You're never really done creating any training material, and that's true of your tests as well. You can constantly evaluate and revise when necessary. You should build the evaluation step into your process so it becomes a routine, part-of-the-job kind of thing. If you find something that needs rework, no big deal--just go back and make it better.
There you have it, a few ideas about testing and training. Hope you found some of this helpful and are able to put it into practice at work. Let us know if you have thoughts or questions.
And don't forget these other articles about workforce testing as well:
I researched the following works while researching this article, referenced them throughout the article (see the Notes), and highly recommend that you check them out.
Also, even though I didn't reference these "testing" blog articles by Connie Malamed while writing this article, I recommend them nonetheless. I've read one or more of them in the past and remember they're helpful, plus I just tend to find her stuff excellent.
Actually, now that I have written this, I'm going to make it a point to review these articles and see if there isn't some helpful information I can fold into this post (I'm sure there is).
1. I took the dart and dartboard visual analogy from the "Assessment Results You Can Trust" (Kleeman and Sheperd) white paper noted above in the Recommended Works section. It's worth checking out their article for many reasons, but the have visuals of this dartboard idea and it really brings the concepts to life immediately. Well done, you two.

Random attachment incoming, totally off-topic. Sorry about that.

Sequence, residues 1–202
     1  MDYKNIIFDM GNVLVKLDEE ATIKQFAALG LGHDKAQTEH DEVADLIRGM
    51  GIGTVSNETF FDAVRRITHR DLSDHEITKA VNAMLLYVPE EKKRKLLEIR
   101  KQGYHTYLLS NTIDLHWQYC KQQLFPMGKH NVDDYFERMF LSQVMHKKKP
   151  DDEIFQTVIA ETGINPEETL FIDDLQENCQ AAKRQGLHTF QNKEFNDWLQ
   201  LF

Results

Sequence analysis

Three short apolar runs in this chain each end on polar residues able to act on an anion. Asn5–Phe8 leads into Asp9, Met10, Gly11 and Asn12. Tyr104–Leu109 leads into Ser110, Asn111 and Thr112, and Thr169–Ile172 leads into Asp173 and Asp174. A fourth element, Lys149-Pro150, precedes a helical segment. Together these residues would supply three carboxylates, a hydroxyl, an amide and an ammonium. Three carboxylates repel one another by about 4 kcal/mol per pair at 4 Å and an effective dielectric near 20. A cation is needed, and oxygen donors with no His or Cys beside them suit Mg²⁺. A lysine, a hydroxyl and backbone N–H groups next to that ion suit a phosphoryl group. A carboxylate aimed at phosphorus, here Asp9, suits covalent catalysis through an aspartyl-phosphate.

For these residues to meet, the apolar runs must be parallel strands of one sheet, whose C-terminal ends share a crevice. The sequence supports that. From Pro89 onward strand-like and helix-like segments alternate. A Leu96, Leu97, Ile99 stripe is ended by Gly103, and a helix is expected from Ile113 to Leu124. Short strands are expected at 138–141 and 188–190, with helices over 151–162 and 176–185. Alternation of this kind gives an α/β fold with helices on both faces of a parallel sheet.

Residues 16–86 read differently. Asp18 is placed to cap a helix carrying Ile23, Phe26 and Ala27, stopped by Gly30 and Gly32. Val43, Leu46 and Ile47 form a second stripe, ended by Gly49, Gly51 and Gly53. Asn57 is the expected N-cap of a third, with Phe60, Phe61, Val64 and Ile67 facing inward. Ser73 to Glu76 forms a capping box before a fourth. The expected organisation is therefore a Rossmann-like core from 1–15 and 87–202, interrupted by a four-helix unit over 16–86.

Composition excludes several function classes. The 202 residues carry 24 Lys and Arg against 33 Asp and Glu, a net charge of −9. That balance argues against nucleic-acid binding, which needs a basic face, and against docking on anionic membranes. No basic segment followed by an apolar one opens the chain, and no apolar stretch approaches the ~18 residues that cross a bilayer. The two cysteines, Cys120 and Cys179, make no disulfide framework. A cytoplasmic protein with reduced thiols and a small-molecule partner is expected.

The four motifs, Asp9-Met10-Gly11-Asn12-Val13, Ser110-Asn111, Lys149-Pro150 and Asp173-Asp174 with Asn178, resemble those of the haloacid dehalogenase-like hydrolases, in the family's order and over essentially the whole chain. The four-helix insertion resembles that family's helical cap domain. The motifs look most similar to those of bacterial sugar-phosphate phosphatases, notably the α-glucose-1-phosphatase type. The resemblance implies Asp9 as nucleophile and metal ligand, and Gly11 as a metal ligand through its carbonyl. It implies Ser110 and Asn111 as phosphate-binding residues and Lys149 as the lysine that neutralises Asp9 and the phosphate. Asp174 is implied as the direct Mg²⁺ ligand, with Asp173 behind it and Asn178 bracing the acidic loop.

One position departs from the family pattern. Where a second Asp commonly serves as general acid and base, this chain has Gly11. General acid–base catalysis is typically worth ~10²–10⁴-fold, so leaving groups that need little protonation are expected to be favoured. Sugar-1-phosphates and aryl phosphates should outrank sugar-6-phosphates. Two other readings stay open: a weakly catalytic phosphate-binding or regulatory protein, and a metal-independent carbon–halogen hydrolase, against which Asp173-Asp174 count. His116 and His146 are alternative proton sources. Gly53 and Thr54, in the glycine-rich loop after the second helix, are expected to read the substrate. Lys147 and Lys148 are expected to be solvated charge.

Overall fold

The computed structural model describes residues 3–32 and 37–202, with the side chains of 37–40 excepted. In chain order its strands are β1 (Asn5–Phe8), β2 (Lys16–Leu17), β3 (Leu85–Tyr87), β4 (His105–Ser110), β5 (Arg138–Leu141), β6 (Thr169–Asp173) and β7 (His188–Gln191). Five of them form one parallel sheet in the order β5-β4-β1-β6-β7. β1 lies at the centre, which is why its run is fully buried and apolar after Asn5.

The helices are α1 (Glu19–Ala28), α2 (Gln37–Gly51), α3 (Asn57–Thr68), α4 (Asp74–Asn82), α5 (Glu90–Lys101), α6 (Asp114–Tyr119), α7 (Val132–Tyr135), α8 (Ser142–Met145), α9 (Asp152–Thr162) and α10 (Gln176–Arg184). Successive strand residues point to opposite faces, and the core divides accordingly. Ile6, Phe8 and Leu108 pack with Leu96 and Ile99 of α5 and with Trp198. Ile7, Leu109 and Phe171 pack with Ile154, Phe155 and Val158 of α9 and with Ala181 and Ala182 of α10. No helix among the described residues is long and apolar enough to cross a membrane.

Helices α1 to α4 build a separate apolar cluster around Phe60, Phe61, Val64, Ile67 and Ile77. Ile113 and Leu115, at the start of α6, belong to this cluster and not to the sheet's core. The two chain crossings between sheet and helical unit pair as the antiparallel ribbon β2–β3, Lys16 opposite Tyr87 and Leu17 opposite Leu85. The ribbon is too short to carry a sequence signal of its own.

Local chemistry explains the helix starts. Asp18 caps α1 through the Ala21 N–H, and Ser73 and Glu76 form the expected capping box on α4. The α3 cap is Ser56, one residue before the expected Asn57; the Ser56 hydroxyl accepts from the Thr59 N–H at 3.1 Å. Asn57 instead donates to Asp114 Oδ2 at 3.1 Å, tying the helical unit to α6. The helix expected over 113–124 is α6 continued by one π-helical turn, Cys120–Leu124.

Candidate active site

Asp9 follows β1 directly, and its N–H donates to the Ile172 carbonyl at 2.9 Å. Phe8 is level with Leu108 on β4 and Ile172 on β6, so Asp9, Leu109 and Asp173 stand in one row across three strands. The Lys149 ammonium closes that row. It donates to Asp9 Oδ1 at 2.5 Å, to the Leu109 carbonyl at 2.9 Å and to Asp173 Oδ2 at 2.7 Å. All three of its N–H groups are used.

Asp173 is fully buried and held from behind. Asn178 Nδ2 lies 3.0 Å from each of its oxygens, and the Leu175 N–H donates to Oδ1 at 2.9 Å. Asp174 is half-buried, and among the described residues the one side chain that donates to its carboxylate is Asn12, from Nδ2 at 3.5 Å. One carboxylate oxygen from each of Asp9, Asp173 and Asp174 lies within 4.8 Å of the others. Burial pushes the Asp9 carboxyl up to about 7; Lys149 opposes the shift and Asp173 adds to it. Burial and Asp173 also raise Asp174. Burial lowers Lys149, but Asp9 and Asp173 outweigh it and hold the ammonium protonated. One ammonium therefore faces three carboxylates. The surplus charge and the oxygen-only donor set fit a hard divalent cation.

2. Many resources on tests and test items talk about validity and reliability, but the Develop Valid Assessments book by Shank referenced above also introduced the concepts of "stakes" and "feasibility." I thought they were worth including and discussing, but renamed them consequences and practicality.
3. The Shank book mentioned above introduces the idea of test and performance assessments. I've reworked it a bit to be knowledge tests and task-based tests.
4. The "Brain Science: Testing, Testing, Testing-The Whys and Whens of Assessment" article by Kohn mentioned noted above does an especially nice job of explaining this point (which is kind of big in learning and developing circles these days, it seems). The article mentioned is part of a series he's working on, and it seems like the entire series will be relevant and of interest once he's completed it, so keep your eyes on that.